Healthy cooking from dollar stores

I've noted before that my experience buying food at dollar stores has been dicey at best, not so much because they sell off-brands but because they often sell old off-brands, items so far past their expiration dates as to present gastric health hazards. Also, a lot of this so-called food has very little food in it; the list of ingredients reads like a chemistry experiment. Apparently, though, a couple chains have stepped up to the dinner plate since I last ventured down a dollar store grocery aisle and are offering "many healthful, name-brand and even organic products" at deep discounts.

Leading the way are 99 Cents Only Stores. The chain, which has more than 250 locations across the country, has produce specially grown for its stores. Foods that are canned, dried or otherwise prepackaged make their way to the stores' shelves if the manufacturer has discontinued or produced too much of an item, or even if the packaging has been changed.

Armed with this knowledge--and a copy of The 99 Cent Only Stores Cookbook--I might be inspired to try food shopping there again. Starving artist Christiane Jory, already a dollar-store devotee, was moved to do so when she saw a woman who looked like she could afford better buying wine at a 99 Cent store. Jory decided to develop the recipes for the cookbook as a means to feed herself and her fellow impoverished friends.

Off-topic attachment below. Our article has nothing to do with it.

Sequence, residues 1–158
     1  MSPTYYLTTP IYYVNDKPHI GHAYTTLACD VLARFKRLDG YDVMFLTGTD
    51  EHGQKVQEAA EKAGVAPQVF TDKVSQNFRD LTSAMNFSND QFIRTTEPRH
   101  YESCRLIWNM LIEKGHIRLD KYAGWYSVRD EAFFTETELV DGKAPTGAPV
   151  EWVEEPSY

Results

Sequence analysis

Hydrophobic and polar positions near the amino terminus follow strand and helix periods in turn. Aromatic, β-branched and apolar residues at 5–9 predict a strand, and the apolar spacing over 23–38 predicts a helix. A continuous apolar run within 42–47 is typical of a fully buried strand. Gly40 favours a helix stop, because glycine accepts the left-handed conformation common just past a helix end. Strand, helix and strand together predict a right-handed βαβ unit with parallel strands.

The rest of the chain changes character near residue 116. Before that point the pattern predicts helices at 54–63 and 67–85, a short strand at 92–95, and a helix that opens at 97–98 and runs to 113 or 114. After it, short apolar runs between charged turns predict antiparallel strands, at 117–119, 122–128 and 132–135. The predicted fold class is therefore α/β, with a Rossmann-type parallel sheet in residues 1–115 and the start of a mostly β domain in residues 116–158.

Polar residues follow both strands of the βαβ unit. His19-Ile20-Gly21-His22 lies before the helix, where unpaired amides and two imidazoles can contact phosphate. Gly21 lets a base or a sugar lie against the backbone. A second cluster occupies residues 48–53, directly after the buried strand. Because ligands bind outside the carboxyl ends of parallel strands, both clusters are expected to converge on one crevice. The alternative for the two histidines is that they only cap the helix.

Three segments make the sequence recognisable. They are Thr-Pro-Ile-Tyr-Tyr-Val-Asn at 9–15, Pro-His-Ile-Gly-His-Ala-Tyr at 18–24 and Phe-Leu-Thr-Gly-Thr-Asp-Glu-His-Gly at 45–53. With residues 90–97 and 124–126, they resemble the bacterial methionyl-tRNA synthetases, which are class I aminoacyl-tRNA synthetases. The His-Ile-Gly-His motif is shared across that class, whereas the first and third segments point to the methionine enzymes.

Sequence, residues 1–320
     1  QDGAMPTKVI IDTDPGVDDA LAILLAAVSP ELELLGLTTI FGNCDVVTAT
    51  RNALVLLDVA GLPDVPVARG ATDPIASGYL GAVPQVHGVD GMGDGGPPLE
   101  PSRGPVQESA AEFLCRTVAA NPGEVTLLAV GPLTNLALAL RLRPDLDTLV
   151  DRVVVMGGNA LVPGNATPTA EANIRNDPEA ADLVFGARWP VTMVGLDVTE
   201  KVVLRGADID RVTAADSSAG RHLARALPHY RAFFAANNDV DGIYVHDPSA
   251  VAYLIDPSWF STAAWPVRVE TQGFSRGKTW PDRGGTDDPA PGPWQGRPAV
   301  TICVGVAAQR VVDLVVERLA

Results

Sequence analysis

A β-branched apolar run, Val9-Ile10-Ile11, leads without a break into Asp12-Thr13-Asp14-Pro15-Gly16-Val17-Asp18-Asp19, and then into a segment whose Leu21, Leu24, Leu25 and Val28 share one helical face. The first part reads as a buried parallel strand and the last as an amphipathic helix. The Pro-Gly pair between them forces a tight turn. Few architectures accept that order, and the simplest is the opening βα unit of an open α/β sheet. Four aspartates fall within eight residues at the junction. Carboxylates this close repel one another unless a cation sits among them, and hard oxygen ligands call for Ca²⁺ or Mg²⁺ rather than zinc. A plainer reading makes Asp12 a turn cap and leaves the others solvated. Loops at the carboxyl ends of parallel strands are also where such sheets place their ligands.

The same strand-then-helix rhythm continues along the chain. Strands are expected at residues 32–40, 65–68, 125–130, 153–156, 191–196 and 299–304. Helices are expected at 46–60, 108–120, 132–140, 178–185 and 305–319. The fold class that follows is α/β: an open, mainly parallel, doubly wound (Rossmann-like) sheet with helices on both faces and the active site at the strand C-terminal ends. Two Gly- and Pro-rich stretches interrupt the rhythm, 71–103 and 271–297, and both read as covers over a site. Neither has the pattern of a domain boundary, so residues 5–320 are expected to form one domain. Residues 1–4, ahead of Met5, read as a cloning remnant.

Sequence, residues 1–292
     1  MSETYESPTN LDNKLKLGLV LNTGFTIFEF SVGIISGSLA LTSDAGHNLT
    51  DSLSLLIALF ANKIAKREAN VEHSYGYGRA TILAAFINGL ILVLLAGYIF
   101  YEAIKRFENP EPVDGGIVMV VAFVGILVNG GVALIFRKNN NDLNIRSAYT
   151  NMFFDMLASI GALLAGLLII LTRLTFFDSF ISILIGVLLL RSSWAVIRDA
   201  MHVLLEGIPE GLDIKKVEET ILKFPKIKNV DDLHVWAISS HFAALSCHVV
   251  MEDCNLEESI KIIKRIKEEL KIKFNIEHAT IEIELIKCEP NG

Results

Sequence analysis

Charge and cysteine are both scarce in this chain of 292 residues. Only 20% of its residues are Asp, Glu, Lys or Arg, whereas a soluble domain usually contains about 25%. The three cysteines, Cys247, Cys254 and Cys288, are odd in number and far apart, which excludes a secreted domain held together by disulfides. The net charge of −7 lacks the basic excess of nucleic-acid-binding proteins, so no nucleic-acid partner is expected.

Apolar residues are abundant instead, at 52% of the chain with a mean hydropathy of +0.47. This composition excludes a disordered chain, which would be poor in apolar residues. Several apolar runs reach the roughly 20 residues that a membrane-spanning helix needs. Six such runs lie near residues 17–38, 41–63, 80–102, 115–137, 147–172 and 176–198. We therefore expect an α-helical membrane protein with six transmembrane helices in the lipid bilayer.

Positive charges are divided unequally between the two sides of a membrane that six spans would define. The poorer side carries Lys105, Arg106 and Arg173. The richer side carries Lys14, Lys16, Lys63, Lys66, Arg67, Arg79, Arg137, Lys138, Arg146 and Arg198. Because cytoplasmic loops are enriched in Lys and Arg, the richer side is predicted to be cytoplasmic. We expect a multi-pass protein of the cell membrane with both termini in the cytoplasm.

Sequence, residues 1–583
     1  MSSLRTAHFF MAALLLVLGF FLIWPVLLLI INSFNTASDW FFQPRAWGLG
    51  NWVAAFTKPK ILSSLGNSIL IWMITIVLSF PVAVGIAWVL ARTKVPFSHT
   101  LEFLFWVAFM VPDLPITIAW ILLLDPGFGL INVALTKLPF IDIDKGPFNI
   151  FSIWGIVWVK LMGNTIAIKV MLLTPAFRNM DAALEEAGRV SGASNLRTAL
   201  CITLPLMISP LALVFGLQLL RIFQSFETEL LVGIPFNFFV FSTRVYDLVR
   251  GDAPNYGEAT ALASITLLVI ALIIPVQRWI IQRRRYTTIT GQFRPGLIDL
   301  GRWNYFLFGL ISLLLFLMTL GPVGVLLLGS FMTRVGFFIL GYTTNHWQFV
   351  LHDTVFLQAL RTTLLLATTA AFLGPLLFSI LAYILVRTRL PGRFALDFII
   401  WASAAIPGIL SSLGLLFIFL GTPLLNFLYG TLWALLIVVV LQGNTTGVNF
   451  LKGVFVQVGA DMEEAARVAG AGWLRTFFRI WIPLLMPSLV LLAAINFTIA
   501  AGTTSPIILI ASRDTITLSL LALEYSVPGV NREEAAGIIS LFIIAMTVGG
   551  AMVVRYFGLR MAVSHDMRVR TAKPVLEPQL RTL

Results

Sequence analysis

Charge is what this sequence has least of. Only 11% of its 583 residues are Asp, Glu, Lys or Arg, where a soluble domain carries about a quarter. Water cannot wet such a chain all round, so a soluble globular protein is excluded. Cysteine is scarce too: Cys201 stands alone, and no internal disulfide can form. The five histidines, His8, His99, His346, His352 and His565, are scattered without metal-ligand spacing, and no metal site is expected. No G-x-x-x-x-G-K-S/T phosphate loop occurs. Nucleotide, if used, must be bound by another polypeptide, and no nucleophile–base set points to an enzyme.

The cookbook features recipes for green chile and cheddar scalloped potatoes (total cost for all ingredients: about $1.99) and apple pie (total cost: about $3.99). On the more gourmet end, there's chicken tetrazinni and pinot noir poached pear tart; the latter dish bolsters my theory that 99-cent wines are best used for cooking.

Even though the brand names may be more recognizable, I'm still skeptical of the quality of food on dollar store shelves, and I'll glean as much information as I can from its packaging before I buy it. I was tickled to note that the LA Times reporter who set out to make a three-course meal from items found at the 99 Cent store feels the same way I do about unwittingly bringing home food that's past its prime: "Having paid only 99 cents," she says, "we didn't feel too bad about setting those aside."

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